Problem-solving with clothespins.
Lately, I was feeling bad about not doing enough outside of class to communicate in English with my students. I felt like, while I get to talk to the other teachers a lot, I’m mostly in the staff room not talking with the students. I’ve visited some of their other classes before (such as cooking class), but even though that can be fun, it’s also another teacher’s class, and I don’t want to go into other teachers’ classes and use it as English practice time for the students, although I know the other teachers wouldn’t take it that way.
I’ve been reading a book called “What I Wish I Knew When I Was 20” by Tina Seelig (a Stanford University professor), which has inspired me to find new ways to think creatively. At one point in the book, she recalls a time when she told her students to identify a problem around them, and then find a way to solve it using some item in their near vicinity. I decided to try it, and used the problem of not being able to talk with my students as often as I liked. As I looked around, I noticed the small Daiso clothespins that I’d used to hang up pictures on my wall for decoration. I still had some left over, so I brought them to the middle school that week, along with some markers and stickers that I had, and decorated the rest of them.
Since I decided I wanted to give students a chance to talk to me outside of any classroom, I went out to talk to them at lunch and briefly after school. I took out the clothespin and stuck it on a student, and then would start asking them questions suddenly in English (“What’s your name? Where are you from? What do you like to do?”) for a while, and then stop at the end and just say “あげる” (“You can keep it”). Of course, if I approached a student with a clothespin and they obviously didn’t want to be clothespinned, then I just stuck it to their friend. I gave some to the teachers in the staff room, too.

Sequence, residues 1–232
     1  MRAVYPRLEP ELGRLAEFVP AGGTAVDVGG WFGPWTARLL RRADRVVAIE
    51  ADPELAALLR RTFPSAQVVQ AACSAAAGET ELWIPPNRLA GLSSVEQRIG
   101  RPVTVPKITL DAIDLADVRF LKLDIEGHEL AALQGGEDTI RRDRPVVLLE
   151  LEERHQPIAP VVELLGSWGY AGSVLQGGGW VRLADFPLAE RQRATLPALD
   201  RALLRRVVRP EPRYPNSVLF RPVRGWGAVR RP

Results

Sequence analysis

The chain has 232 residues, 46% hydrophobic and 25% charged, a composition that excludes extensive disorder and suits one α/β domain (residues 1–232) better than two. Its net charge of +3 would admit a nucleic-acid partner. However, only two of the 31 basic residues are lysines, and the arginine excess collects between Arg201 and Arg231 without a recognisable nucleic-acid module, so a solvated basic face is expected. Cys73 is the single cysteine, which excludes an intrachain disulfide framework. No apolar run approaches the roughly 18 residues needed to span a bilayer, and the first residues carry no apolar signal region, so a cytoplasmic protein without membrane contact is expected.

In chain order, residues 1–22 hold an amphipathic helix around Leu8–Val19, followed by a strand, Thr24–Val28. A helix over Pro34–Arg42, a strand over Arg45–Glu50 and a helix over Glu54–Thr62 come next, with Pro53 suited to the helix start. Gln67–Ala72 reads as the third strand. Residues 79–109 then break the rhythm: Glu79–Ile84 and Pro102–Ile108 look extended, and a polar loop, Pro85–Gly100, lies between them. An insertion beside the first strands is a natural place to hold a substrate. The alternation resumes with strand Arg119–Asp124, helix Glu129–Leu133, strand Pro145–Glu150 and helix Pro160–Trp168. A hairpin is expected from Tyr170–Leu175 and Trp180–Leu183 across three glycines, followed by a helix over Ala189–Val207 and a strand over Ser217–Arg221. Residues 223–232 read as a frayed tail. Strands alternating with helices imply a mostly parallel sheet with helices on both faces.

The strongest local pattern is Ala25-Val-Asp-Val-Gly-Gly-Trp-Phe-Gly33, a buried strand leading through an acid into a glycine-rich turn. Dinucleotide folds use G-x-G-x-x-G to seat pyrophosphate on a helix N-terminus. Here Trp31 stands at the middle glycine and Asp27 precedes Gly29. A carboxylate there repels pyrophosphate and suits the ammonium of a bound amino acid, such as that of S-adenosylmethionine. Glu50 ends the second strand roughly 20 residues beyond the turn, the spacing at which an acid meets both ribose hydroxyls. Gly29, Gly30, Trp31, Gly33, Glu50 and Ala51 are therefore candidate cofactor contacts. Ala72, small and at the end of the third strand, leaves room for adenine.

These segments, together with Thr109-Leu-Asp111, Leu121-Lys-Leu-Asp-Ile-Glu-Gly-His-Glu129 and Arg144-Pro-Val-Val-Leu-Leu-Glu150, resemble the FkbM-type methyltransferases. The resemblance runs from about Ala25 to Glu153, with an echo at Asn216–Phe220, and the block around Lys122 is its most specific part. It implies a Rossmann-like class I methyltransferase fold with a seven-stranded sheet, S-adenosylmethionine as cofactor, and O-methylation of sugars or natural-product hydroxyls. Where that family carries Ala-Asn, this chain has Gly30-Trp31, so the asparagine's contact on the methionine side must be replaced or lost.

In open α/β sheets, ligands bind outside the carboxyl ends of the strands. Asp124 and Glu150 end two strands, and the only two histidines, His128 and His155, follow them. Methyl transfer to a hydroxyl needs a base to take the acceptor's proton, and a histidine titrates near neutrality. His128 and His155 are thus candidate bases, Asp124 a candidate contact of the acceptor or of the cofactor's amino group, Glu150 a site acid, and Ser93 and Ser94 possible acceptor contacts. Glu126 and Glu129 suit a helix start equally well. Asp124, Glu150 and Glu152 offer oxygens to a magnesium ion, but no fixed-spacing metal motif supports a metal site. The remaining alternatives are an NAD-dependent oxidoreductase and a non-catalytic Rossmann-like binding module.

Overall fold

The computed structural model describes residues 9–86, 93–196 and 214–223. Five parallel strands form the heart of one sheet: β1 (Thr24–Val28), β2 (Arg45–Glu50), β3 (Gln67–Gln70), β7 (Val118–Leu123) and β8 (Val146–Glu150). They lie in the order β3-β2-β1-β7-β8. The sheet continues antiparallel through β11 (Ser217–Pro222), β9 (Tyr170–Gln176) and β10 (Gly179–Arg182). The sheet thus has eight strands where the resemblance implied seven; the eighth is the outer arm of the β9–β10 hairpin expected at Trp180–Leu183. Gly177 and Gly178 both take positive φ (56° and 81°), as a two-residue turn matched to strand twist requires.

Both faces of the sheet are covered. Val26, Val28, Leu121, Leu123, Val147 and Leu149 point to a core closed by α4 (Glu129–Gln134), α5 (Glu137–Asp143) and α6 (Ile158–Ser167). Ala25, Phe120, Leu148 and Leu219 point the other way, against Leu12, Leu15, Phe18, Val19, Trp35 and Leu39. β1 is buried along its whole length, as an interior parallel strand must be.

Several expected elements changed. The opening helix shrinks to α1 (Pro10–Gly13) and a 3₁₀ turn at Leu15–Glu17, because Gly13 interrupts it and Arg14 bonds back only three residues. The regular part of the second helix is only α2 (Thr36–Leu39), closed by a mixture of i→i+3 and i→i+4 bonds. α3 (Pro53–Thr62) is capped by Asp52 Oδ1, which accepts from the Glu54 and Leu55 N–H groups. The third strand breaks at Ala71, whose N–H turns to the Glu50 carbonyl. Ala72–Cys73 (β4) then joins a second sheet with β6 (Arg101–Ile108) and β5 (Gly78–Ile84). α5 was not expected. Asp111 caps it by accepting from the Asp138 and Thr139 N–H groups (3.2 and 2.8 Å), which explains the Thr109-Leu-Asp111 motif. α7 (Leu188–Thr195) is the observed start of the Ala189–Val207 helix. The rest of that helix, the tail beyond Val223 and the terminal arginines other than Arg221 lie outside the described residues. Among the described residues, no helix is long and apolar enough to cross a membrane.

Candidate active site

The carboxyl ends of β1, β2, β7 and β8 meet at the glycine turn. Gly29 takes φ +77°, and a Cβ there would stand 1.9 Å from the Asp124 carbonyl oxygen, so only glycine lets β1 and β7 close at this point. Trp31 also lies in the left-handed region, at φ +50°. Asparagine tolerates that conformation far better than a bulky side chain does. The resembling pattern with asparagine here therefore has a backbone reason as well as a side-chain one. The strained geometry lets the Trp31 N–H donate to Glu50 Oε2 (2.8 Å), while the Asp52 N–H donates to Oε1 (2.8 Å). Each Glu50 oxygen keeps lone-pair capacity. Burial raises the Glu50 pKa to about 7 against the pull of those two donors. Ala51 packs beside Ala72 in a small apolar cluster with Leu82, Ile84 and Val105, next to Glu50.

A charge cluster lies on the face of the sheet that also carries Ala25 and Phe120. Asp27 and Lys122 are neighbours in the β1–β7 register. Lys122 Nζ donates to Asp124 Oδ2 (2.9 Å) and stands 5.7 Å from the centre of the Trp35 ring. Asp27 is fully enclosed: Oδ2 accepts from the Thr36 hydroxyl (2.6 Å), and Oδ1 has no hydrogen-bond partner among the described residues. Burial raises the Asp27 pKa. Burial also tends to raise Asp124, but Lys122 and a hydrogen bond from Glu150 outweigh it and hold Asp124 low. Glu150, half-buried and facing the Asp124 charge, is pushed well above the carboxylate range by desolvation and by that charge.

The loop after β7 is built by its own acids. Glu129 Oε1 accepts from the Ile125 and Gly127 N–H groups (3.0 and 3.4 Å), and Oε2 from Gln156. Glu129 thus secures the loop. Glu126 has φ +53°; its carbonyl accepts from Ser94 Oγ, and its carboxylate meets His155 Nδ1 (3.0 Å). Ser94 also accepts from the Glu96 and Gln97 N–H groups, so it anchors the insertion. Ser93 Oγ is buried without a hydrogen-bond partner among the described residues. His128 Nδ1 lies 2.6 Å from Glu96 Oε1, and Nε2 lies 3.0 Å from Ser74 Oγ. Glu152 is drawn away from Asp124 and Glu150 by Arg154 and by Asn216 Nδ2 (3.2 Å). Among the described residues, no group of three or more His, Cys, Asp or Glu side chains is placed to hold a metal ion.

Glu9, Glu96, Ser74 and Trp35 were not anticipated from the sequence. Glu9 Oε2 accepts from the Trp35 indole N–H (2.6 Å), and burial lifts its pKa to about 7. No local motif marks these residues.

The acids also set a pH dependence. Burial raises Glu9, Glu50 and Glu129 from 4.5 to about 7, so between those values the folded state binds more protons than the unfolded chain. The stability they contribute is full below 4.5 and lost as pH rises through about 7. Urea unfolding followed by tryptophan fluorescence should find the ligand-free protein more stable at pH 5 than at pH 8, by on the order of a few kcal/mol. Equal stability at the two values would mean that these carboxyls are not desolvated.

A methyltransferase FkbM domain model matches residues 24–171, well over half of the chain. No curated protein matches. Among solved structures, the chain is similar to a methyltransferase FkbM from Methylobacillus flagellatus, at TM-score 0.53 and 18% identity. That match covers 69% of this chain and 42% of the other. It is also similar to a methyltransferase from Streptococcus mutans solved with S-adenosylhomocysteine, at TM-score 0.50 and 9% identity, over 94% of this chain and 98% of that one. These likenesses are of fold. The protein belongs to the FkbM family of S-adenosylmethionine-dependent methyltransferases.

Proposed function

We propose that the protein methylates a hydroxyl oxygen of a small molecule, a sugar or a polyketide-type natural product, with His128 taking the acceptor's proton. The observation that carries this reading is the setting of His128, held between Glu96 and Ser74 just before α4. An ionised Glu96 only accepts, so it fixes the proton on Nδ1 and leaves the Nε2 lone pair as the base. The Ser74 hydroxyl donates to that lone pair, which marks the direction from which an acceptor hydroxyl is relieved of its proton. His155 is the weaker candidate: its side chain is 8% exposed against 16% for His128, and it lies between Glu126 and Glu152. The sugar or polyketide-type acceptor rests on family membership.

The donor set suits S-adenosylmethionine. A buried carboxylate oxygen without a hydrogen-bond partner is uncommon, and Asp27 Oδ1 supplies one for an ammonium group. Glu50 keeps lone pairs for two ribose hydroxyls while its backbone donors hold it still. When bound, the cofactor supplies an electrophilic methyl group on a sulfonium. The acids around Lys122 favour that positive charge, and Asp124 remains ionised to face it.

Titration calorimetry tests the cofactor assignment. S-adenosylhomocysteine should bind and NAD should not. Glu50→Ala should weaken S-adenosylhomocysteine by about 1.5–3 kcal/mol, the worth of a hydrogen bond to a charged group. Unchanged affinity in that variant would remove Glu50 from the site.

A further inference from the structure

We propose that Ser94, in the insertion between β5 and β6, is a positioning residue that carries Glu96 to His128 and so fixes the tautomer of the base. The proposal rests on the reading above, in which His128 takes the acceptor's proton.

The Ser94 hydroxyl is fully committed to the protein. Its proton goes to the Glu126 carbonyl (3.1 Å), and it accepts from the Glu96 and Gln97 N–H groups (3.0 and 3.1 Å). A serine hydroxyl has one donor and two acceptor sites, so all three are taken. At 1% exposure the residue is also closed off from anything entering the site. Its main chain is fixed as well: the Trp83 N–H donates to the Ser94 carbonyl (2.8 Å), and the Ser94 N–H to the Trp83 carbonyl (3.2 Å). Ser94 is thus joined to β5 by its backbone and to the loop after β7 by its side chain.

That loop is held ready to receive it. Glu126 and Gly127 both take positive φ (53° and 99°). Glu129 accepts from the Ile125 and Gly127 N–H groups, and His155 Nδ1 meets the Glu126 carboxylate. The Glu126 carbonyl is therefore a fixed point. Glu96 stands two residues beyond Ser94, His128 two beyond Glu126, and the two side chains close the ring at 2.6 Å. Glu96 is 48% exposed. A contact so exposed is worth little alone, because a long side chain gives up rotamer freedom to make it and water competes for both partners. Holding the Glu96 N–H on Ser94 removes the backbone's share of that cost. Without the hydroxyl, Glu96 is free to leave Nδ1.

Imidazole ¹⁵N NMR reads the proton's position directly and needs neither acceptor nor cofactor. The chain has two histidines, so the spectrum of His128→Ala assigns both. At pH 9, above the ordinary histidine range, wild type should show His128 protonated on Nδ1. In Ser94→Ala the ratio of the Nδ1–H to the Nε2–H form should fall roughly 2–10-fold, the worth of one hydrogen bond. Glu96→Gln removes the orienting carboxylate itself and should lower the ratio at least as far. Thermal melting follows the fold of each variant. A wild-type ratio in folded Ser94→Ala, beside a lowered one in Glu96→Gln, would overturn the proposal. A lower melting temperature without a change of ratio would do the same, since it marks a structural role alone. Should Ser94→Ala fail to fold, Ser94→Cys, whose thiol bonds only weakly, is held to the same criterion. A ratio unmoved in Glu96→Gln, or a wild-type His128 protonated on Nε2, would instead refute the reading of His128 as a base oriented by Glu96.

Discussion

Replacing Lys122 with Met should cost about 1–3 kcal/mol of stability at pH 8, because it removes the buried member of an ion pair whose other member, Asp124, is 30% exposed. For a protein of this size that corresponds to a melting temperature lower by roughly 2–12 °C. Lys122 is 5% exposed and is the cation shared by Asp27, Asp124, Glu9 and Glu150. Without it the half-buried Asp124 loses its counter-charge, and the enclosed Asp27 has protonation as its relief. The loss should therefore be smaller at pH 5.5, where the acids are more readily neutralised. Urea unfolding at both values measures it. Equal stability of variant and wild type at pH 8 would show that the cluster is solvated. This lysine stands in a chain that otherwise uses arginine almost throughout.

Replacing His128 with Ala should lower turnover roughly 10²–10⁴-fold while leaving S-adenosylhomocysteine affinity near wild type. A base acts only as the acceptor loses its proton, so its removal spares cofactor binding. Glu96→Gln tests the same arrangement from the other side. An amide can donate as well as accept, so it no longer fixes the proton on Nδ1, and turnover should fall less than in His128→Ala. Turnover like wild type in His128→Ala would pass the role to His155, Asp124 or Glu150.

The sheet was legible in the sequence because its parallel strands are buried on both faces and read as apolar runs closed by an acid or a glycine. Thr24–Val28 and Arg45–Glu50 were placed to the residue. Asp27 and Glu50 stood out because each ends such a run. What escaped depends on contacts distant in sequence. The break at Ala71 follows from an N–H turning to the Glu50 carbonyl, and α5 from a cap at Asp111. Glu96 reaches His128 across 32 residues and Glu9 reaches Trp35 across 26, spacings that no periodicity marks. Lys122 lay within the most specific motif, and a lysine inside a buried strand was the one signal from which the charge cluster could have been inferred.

Of course, I could have just asked them questions in English and had a normal conversation, but I like to have something to show for it, and to give the students. Using “props” like this to talk to students is nothing new–I’ve seen that kind of advice on the JET forums–but I hadn’t tried finding a commonplace, unrelated object in my vicinity and using it to solve a problem before.
When I was in high school, I was really into visual kei, and would sometimes wear crazy styles to school (I had a Captain Hook hat that I got from the Disney Store, and I’d wear that to school sometimes, for example). I went to a school with a lot of art students, so it wasn’t as weird as you might think. I noticed a big difference between the days where I wore striped socks, star earrings, and my Captain Hook hat, as opposed to the days where I wore jeans and a sweatshirt. On Captain Hook days, I was more outgoing because I knew I couldn’t blend into the background even if I wanted to; on the jeans-and-sweatshirt days, I felt much more reserved, and didn’t really feel obligated to talk to anyone.
The clothespins kind of do the same thing as my Captain Hook hat. They’re cute, and also unusual, so when I’m holding a bag of them and clothespinning them to students to practice English, I think there’s a change in my attitude and in the way I approach our conversation, as opposed to my just standing there and trying to start a conversation about something. The clothespins add “value” to the conversation somehow. They’re fun and they get me excited to go around and find students to talk to in English.
It’s funny, because part of what I was reading in the “What I Wish” book was about creating different kinds of value from basically nothing. Does this mean I succeeded?
The Piano Guys, “Frozen”/Vivaldi’s Winter piano mashup